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patmaquette

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  1. Many thanks @Murdo, @bigbadbadge and @Johnson for your kind and encouraging comments on the build so far . I have now completed adding further details to the engine bay. I've left most of them unpainted so they can be picked out in the photos. One item missing from the instructions is a pipe (part C14) that attaches to the Coffman engine starter at stage 64. I didn't notice this until too late and used wire for the piece of pipe, but I thought it a bit strange that Airfix had provided location holes for it!.... Although I have heard of a Coffman starter and have a rough idea how they work, I've never seen one. From what I have learnt when building this model (making kits is a fun way of learning, as I have found since childhood!), the Coffman starter installed on the Typhoon's Napier Sabre engine has a carousel of five cartridges each containing a cordite charge. One is used at a time for starting the engine and the gases pass through pipe C14 and drive a piston in the cylindrical portion of the starter. The piston causes - by means of a thread - a shaft to rotate and this drives gears in the rectangular portion which connect to the upper engine crankshaft, causing it to rotate. A diagram I have been working to shows a hand cranking mechanism on top of the rectangular portion, so this was added from square section plastic rod with some circular housings added - visible in white in the photo below.... Other items added are a cartridge loading lever (and a filter housing which I guess is unrelated) on the starboard side and a firing unit on the port side. In the same area is a push-rod arrangement which goes to the front end of the engine via a bell crank. It connects to a constant speed unit which I made from scraps of plastic.... It has some interesting colour details that look good... On the opposite side of the constant speed unit is a vacuum pump. This looks to be made from brass or bronze. This was once again made from scraps of plastic. It was painted Sand and given a dark brown wash over a coat of Klear. A pair of pipes run across the top of the engine so are quite visible. I used tinned copper wire for these and will give them a coat of varnish to prevent them going dull. The other thing I did was to check that pipes and cables going into one side of the firewall had a continuation on the other side. Some more piping will be added later for the fuel tanks located along the leading edge of the wings. I'll complete the painting of these details as I work on the next stage of the build, which is the wings. Thank you for stopping by to look! Cheers, Pat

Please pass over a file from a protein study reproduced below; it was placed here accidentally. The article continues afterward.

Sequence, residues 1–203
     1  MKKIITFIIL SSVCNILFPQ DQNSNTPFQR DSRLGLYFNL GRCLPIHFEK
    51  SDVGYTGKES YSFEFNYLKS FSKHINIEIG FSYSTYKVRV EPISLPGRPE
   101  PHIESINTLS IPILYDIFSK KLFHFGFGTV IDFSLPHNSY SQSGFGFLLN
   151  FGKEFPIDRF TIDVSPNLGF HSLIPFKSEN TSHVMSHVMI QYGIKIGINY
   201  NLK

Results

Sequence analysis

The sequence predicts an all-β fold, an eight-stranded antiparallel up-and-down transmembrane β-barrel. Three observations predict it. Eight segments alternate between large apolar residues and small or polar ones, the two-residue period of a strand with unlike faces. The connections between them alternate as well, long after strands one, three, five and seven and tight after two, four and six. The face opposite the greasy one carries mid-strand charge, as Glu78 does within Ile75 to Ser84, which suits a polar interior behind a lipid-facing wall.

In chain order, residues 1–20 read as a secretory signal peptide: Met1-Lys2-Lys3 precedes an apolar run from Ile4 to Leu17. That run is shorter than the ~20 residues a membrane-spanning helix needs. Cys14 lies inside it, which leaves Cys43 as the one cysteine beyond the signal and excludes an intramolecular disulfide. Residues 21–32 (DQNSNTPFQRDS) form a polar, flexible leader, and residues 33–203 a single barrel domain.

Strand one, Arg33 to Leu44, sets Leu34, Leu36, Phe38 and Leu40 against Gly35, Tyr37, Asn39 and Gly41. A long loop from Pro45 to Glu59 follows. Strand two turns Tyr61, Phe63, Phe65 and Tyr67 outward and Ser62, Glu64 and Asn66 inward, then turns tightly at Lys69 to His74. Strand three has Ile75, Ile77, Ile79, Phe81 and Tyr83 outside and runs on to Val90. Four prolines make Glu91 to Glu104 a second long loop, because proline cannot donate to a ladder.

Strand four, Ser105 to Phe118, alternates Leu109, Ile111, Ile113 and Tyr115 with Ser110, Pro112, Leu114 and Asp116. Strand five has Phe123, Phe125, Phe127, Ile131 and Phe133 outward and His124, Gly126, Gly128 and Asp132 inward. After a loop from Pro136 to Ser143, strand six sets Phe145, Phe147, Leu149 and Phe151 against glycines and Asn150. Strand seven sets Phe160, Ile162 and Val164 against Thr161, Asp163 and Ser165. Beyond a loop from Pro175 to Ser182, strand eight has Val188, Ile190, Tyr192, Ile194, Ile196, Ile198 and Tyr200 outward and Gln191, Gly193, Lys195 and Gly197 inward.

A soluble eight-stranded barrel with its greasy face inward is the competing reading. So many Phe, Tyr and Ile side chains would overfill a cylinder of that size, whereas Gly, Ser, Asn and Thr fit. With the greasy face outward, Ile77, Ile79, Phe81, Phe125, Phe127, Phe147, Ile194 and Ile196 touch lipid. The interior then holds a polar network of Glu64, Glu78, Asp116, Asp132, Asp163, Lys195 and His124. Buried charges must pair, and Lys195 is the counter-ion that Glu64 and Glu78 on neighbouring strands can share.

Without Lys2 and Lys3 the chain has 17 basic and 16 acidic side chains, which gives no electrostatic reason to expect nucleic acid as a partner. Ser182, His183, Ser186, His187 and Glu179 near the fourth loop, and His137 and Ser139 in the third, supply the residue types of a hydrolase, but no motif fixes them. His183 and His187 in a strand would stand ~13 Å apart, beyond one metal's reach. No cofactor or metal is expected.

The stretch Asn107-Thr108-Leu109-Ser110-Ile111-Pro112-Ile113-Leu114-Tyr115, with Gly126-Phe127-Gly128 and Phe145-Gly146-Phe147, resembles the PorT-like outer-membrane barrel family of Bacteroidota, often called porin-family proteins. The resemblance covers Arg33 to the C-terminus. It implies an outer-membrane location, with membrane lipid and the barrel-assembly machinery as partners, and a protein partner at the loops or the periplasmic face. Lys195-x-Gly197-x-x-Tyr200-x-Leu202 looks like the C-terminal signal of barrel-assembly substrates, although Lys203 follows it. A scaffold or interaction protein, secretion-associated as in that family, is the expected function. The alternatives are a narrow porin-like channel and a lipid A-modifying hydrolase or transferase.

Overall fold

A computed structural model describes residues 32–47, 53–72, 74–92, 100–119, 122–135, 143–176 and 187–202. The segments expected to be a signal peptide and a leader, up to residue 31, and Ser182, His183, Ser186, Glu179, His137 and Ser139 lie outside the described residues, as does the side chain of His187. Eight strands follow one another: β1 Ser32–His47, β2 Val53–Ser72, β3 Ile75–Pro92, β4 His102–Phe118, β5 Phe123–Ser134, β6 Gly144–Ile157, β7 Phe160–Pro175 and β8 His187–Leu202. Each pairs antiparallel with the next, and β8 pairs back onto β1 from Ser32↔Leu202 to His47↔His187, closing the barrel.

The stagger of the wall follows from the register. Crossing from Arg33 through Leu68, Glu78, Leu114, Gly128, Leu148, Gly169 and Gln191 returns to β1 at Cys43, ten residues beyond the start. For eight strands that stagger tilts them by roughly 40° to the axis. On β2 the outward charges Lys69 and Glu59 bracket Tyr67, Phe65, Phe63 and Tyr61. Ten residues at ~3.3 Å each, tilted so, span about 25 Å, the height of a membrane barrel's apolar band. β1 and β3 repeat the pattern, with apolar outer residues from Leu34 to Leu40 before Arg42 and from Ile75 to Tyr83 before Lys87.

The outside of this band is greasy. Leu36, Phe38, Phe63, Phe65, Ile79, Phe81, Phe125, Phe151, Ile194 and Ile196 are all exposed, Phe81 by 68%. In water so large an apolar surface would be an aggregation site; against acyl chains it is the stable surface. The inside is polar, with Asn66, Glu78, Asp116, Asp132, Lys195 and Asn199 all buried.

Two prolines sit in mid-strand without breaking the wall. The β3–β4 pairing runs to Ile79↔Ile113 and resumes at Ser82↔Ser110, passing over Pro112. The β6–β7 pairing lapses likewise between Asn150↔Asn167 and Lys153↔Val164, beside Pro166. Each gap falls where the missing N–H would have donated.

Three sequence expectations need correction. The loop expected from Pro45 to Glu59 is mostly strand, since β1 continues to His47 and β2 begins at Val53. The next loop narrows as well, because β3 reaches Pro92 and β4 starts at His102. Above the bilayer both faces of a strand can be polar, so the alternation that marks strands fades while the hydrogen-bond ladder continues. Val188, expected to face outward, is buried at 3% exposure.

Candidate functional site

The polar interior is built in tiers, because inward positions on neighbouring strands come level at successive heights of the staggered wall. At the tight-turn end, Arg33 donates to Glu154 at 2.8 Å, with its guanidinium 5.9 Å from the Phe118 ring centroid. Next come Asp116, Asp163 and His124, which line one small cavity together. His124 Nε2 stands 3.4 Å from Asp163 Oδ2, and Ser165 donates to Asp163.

2. Very interesting information, Chris. That settles the matter perfectly. I'll also let the presenter at the Jet Age Museum know, as he had been studying the life of Robert David Ackers. Thank you so much for giving your time and expertise to help me out, I really appreciate it. Best regards, Pat
  3. Chris - thank you looking into answering this question, I much appreciate it. Additionally, thank you for researching and publishing on this (and other) aircraft, it's been the go-to source for me. I'm glad I didn't go for JR128, that would have been an embarrassing error! Although I guess it is not an important point, but is one I'm curious about, do you know whether David Ackers was shot down by flak (squadron report) or by Bf109s (The Combat History book by Richard Townshend Bickers)? Thanks sgain, Pat
  4. Some nice subjects and scales there - I'm looking forward to them hitting the shelves, Pat